- to seize; grab
- to steal
- to look over; view; see
Origin of glomearlier glaum ; from Scottish dialect, dialectal , probably ; from Gaelic glaim, to snatch
verbglommed, glom·ming, gloms
- To grab or hold onto something: The child glommed on to her mother's arm.
- To become attached to something; stick: “The candies had glommed together in the heat” (Porter Shreve).
- a. To focus the attention on or become interested in someone or something: The media glommed on to the heartbreaking story.b. To understand or realize: finally glommed on to the fact that he had been joking.
- To cause to adhere; join together: “Hydrogen atoms &ellipsis; were glommed together by the amazing gravitational forces inside that orb a million kilometers across” (David Campbell).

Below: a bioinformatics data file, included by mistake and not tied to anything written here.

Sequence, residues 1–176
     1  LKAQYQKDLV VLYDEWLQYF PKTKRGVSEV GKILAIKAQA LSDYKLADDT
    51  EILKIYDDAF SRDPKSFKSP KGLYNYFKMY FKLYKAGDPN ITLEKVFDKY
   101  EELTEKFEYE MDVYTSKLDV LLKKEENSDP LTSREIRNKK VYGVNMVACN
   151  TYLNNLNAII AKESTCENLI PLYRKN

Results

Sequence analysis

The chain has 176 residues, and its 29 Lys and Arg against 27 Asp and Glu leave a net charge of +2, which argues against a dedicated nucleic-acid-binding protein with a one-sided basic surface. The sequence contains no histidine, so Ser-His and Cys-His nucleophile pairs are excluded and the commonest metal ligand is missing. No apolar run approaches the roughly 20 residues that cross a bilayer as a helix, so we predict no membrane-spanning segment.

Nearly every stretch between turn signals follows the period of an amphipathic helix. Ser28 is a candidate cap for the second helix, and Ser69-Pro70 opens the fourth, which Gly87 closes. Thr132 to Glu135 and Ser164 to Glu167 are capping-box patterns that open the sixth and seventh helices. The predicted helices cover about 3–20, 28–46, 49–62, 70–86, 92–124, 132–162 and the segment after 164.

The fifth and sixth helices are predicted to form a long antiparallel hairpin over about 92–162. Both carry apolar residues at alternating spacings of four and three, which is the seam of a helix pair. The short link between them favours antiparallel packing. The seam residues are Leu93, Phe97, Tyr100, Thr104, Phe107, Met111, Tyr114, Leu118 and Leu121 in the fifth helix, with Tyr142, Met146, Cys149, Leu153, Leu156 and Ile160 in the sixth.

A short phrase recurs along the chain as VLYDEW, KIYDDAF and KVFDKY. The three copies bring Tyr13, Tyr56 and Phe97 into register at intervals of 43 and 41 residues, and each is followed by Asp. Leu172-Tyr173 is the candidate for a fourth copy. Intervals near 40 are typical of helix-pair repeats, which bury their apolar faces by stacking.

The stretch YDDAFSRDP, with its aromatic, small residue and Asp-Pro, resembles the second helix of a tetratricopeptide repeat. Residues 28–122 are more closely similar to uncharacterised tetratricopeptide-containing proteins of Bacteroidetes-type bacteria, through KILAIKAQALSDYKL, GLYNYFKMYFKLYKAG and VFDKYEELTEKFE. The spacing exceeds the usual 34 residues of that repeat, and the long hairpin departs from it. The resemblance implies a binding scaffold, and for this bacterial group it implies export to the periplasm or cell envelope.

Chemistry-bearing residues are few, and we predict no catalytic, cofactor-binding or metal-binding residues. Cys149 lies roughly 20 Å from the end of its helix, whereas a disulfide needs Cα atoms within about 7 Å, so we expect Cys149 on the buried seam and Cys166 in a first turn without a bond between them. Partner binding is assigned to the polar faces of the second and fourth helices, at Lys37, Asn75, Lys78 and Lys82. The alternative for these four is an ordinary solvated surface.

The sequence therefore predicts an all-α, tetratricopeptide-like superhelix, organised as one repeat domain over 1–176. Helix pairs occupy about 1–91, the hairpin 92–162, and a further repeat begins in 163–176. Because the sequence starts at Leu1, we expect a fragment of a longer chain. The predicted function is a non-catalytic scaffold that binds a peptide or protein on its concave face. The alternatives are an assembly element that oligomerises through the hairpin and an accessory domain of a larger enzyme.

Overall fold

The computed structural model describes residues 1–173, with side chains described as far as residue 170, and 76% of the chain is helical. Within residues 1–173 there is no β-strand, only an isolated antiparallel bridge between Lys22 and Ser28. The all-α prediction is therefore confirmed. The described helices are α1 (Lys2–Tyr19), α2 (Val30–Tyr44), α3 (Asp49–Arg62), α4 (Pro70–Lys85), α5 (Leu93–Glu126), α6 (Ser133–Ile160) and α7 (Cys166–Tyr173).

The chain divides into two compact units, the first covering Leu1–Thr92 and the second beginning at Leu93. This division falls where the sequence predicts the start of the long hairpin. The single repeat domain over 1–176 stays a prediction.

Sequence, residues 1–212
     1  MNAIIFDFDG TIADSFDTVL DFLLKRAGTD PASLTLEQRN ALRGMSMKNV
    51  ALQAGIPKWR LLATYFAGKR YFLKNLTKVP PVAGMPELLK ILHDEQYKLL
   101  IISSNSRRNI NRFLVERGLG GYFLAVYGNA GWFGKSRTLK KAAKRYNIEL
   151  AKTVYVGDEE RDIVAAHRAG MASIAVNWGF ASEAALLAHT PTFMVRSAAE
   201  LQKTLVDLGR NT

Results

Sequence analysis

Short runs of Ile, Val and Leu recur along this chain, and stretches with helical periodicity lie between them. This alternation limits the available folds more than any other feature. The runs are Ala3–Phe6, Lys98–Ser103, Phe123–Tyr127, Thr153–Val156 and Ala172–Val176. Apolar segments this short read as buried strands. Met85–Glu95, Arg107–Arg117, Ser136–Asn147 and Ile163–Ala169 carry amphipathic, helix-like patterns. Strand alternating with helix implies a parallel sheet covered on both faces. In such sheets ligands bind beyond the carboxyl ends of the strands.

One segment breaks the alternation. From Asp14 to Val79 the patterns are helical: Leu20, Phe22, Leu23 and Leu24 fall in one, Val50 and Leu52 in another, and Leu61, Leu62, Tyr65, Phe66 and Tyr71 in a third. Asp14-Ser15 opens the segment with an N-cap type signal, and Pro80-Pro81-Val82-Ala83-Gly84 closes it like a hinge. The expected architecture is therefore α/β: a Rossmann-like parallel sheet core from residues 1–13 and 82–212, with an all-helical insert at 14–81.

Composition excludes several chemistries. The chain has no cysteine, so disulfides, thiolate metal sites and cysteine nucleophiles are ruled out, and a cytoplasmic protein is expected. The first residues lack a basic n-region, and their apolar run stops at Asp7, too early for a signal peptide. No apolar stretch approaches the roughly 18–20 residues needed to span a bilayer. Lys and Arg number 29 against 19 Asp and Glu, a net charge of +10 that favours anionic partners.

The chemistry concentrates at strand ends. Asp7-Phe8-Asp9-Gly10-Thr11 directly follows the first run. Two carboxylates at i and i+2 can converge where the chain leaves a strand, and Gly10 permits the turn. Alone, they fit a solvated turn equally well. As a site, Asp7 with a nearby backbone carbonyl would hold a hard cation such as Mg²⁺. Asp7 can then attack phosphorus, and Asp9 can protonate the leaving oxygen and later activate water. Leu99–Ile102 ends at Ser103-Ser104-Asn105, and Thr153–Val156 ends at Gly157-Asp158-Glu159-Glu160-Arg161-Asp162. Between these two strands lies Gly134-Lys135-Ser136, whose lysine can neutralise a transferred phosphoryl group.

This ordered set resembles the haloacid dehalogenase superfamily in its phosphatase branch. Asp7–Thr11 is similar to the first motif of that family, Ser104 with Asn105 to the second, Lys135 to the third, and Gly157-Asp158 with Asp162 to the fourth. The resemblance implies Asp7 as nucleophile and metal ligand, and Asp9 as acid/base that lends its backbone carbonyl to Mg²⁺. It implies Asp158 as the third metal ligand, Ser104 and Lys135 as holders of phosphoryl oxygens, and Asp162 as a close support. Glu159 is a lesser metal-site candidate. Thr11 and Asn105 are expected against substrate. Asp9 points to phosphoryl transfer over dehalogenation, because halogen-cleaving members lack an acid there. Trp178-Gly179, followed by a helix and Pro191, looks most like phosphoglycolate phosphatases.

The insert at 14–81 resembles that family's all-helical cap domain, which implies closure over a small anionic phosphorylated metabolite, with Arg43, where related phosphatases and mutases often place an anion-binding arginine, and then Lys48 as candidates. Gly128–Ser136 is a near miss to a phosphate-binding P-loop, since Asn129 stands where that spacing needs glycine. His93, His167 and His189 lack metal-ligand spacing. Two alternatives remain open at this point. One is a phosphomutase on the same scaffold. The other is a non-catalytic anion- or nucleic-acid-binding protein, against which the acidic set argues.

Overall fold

- To get into one's hands or possession; grab or obtain: glommed the photo off the desk.
- To steal: glommed the necklace from the safe.
- a. To look or stare at: glommed the woman who entered the bar.b. To understand; realize: finally glommed what was going on.
Origin of glomProbably from Scots glam, to snatch at.